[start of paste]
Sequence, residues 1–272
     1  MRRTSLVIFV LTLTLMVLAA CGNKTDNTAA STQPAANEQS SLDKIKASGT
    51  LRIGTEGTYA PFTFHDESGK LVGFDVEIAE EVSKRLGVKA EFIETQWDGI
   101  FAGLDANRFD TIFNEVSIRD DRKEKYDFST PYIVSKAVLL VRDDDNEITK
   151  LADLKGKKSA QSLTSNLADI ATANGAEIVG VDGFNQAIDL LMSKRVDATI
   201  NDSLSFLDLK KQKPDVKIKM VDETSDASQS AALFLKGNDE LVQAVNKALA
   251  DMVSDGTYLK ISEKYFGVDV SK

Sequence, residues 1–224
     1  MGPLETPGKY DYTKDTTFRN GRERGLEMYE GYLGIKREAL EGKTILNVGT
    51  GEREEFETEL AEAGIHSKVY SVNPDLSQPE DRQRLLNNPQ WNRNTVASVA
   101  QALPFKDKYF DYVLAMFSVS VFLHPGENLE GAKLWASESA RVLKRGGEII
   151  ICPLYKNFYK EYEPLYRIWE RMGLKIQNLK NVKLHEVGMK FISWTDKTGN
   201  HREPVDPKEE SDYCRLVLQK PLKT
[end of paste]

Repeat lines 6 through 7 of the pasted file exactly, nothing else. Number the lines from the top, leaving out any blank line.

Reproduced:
   201  NDSLSFLDLK KQKPDVKIKM VDETSDASQS AALFLKGNDE LVQAVNKALA
   251  DMVSDGTYLK ISEKYFGVDV SK